How to find your brand purpose

Brands are under increasing pressure to give something back to society. But how should they do this and what are the pitfalls? Camilo Plazas reveals how brands in Latin America are using media to share powerful messages and drive positive change.

The whole world knows about the social economic challenges in Latin America. Extreme poverty, gender inequality and corruption are just a few of the problems in the region – and people are concerned things are getting worse.

According to an International Transparency ONG Study, 62% of Latinos think corruption is increasing year on year. That’s prompting a growing desire for change. But beyond local governments and NGOs, people here are increasingly expecting big brands to make a positive contribution too.

Such is this desire to do good that more consumers are choosing brands that champion the causes they believe in, even if this comes at a price. As a study by Los Andes University revealed, Latin consumers, are prepared to pay up to 15% more for brands that are actively working to do good.

Latin consumers are prepared to pay up to 15% more for brands that are actively working to do good

Brands, of course, are aware of these demands. And in recent times, more and more have been taking a stand. But there are bigger things at stake than just profits. Big brands really do have the power to make a difference, by using their messaging to raise awareness of causes and prompt consumers to take action.

Spreading a brand’s goodwill message is tricky, however. To turn heads, brands need to prove that they mean what they’re saying. That’s where the right media strategy can make a difference.

Creating a purpose-driven thinking model

Creating campaigns that drive change requires a different approach to conventional sales messages. That’s because purpose-driven thinking is less about creating a brand and more about taking a stand to affect change.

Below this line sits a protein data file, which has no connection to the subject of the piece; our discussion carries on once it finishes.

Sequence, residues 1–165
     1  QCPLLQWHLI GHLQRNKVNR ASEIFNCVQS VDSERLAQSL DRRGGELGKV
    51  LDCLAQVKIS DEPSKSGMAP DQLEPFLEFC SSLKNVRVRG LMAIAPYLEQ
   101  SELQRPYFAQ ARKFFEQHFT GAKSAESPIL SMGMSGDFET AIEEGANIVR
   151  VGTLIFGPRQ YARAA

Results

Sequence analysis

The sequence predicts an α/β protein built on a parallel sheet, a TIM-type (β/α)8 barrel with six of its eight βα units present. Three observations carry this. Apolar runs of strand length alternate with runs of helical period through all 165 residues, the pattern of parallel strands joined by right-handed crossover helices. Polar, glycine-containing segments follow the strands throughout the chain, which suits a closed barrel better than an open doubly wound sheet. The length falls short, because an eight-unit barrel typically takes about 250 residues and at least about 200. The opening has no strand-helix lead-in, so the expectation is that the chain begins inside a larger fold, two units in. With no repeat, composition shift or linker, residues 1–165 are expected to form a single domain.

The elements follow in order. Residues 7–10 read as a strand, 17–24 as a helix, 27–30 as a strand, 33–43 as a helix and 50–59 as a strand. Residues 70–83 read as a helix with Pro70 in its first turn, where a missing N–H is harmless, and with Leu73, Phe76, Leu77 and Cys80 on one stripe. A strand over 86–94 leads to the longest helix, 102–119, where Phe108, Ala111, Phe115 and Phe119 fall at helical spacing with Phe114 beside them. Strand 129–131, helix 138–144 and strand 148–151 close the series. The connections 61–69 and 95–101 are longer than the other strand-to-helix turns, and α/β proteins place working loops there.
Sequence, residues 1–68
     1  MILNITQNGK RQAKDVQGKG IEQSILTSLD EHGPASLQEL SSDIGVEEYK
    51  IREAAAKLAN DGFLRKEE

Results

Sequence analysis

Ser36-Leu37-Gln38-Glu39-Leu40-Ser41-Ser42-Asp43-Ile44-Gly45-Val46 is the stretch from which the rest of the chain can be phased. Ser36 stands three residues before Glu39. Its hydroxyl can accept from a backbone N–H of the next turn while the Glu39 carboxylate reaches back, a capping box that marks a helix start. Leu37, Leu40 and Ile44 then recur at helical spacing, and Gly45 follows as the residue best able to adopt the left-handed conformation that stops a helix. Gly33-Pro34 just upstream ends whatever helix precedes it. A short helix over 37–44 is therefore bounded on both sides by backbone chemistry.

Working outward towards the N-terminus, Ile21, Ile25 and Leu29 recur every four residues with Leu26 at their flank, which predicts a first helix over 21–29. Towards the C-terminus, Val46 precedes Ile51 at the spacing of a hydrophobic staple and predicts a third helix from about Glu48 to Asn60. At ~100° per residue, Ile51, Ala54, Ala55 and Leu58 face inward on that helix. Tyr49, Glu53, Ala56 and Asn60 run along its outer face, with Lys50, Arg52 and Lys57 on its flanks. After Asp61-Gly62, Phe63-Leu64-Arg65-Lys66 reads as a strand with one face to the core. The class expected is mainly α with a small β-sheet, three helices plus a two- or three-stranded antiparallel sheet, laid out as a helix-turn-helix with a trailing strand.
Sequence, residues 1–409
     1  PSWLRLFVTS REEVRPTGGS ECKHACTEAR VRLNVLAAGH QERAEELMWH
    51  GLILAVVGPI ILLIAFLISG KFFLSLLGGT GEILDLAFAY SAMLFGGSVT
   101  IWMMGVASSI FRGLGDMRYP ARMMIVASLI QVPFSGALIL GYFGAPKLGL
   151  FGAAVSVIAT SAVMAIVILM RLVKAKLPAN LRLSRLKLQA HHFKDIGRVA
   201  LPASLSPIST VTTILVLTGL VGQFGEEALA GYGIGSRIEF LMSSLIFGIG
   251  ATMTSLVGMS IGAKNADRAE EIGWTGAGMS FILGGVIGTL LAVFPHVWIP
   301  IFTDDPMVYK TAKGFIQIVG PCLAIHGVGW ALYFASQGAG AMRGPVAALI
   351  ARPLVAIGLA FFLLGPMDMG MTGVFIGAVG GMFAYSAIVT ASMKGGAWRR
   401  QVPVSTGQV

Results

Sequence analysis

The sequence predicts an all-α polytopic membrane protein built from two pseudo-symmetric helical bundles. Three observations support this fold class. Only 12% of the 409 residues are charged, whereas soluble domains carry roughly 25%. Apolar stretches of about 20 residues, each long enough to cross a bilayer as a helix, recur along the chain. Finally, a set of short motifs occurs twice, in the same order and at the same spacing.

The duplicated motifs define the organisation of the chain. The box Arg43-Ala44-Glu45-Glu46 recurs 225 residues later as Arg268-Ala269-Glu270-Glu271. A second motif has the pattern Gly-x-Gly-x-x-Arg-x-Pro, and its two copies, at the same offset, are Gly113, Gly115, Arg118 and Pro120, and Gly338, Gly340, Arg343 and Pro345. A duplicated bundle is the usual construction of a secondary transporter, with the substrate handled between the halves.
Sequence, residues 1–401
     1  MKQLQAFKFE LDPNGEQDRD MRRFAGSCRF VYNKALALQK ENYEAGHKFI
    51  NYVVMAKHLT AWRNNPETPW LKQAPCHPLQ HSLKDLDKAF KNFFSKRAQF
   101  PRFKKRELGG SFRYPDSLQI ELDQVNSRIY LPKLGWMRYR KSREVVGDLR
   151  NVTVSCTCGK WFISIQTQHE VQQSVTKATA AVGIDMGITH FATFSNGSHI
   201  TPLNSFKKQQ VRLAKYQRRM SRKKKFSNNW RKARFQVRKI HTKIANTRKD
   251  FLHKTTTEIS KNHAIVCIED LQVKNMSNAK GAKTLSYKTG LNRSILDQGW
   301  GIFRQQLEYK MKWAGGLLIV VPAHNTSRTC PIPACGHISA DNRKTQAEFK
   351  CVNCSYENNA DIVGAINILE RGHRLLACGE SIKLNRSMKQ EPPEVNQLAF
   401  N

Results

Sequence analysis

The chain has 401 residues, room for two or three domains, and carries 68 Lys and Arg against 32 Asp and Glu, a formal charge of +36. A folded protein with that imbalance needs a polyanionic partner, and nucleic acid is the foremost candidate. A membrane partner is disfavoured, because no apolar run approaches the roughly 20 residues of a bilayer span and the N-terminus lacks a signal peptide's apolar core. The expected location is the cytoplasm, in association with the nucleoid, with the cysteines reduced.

Whereas brand advertising is about promoting brand benefits, reasons to believe and unique selling propositions, purpose-driven campaigns are about creating advocates and missionaries, establishing a point of view (rather than a point of difference), and pursuing long-term behavioural change, not just short-term profits.

The following table summarises the differences between the two approaches:

The difference between purpose and brand

Above: The differences between creating a brand and taking a stand (source: Brighthouse)

But finding the right cause to support isn’t easy. And brands will fail if they if they start piggybacking causes they have no reason to be involved with. People will soon see their support as insincere and react negatively.

Brands will fail if they if they start piggybacking causes they have no reason to be involved with

To find the right purpose for their brand, marketers must first ask themselves three questions: What does the world need right now? What is their brand good at? And what is their brand passionate about? Their purpose will lie somewhere in the middle of all three.

Brand purpose venn diagram

Above: Brands must ask the right questions to find their purpose

Learning from Latin America